There’s so much more to it than putting on a white lab coat and filling a bottle with pills! Read our overview of the plethora of pharmacy jobs available.
What is a pharmacist?
You’re probably thinking, that’s easy—pharmacists are the people at Chemist Warehouse who fill my prescriptions. And you’d be correct. But that’s just one aspect of what they do.
They’re the first line of defence between you and harmful drug interactions. The average pharmacist knows more about medications and how they affect your body than the average doctor.
Working as a pharmacist is very much about educating patients and customers, promoting health awareness and disease prevention, and contributing to a community’s overall wellbeing. In doing their jobs, pharmacists can dramatically improve lives.
To find out more about the duties of a pharmacist, let’s break it down by some common pharmacist roles:
These are pharmacists who work in retail pharmacies on high streets. They dispense prescriptions, provide primary healthcare and support, including on matters like vaccinations, blood pressure, smoking cessation, cholesterol monitoring and diabetes screening.
They’re also often involved in managing the overall pharmacy and dealing with finances and budgets.
Since they’re the most accessible health professional in the community (where else can you walk in for general medical advice?), they play an important role in triaging customers and referring them to other doctors or health services.
Patients in hospital usually require extensive, complex and specialised medication regimes that are not used by outpatients. A hospital pharmacist ensures that patients’ medication routines are safe, effective and optimised for each individual.
They do this by carrying out medicine reconciliation on admissions and during changes in the level of care, for example, from the intensive care unit to a regular ward.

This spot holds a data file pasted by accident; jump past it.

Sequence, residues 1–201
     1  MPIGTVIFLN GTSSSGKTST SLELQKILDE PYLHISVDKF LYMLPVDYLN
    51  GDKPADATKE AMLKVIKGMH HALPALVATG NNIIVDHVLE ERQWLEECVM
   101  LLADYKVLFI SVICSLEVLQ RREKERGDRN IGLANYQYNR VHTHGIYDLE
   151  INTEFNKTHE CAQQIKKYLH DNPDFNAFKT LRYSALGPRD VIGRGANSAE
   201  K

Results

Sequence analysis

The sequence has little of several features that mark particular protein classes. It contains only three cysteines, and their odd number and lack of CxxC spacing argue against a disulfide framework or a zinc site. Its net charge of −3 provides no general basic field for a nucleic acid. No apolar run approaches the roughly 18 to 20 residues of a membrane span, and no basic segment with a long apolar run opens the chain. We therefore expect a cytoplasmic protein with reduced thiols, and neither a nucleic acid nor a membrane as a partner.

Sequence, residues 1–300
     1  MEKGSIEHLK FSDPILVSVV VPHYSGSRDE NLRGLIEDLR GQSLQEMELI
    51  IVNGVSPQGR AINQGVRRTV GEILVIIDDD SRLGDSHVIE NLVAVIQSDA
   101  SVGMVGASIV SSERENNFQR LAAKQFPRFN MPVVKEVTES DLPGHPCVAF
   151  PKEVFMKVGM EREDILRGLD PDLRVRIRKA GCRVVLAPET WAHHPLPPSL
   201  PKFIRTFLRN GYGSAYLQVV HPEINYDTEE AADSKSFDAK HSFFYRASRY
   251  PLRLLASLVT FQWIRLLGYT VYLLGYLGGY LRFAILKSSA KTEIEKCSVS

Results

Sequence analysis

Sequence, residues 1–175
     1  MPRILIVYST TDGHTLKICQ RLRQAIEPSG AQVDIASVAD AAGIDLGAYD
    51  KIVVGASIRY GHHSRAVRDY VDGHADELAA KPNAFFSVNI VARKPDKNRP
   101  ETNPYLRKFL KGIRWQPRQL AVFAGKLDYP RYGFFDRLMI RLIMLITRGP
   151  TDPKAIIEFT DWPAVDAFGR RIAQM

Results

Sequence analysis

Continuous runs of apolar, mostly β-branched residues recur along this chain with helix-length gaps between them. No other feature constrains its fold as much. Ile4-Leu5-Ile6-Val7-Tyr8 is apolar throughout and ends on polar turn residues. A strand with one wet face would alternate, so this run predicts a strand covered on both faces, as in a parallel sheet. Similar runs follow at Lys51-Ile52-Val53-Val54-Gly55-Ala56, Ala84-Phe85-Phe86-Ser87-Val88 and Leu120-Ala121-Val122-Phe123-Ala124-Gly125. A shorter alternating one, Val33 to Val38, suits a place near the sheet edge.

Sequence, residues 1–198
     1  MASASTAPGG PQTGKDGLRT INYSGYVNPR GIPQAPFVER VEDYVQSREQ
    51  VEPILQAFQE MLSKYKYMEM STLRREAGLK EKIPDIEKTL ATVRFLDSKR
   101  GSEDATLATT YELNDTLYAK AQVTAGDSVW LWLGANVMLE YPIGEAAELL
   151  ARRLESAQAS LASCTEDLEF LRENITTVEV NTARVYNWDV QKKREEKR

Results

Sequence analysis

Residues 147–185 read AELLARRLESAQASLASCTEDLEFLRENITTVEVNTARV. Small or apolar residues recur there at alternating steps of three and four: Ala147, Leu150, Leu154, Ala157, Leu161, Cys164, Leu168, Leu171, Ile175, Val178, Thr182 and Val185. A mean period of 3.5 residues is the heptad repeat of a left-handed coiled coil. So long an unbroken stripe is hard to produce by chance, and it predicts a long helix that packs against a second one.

Hospital pharmacists work in multidisciplinary teams to provide the best patient-centred care possible. They conduct medication chart reviews, monitor a patient’s response to a drug and manage adverse effects. They also educate healthcare staff and patients on medication management, drug interactions and best methods of medication administration.
Hospital pharmacists have a further opportunity to specialise in areas such as nuclear/radiopharmacy, paediatrics, critical care and oncology.The latter involves designing, administering and monitoring chemotherapy treatments.
Clinical trials pharmacist and research pharmacist
These pharmacists work at the forefront of innovative and experimental care by working in a team of investigators conducting clinical trials.
Research pharmacist duties include ordering supplies, handling, storage, dispensing, maintaining records and destruction of trial medications or therapies, following the approved trial protocols.
Some are also involved in studying a drug’s molecular, biochemical and physiologic effects (pharmacodynamics) or how a person’s genes affect how they respond to medications (pharmacogenomics).
Pharmacy technician and pharmacy assistant
Australian hospital pharmacists are shouldering an increasing burden of non-clinical work. To best use their expertise and allow them to focus on clinical and patient-centred work, pharmacy technicians are being brought in to take over non-clinical dispensing and medicine supply tasks.
Technicians are responsible for the delivery and distribution of medicines across the hospital and preparing discharge prescriptions for checking by hospital pharmacists. In retail pharmacies, they are qualified to prepare certain prescription medications for customers.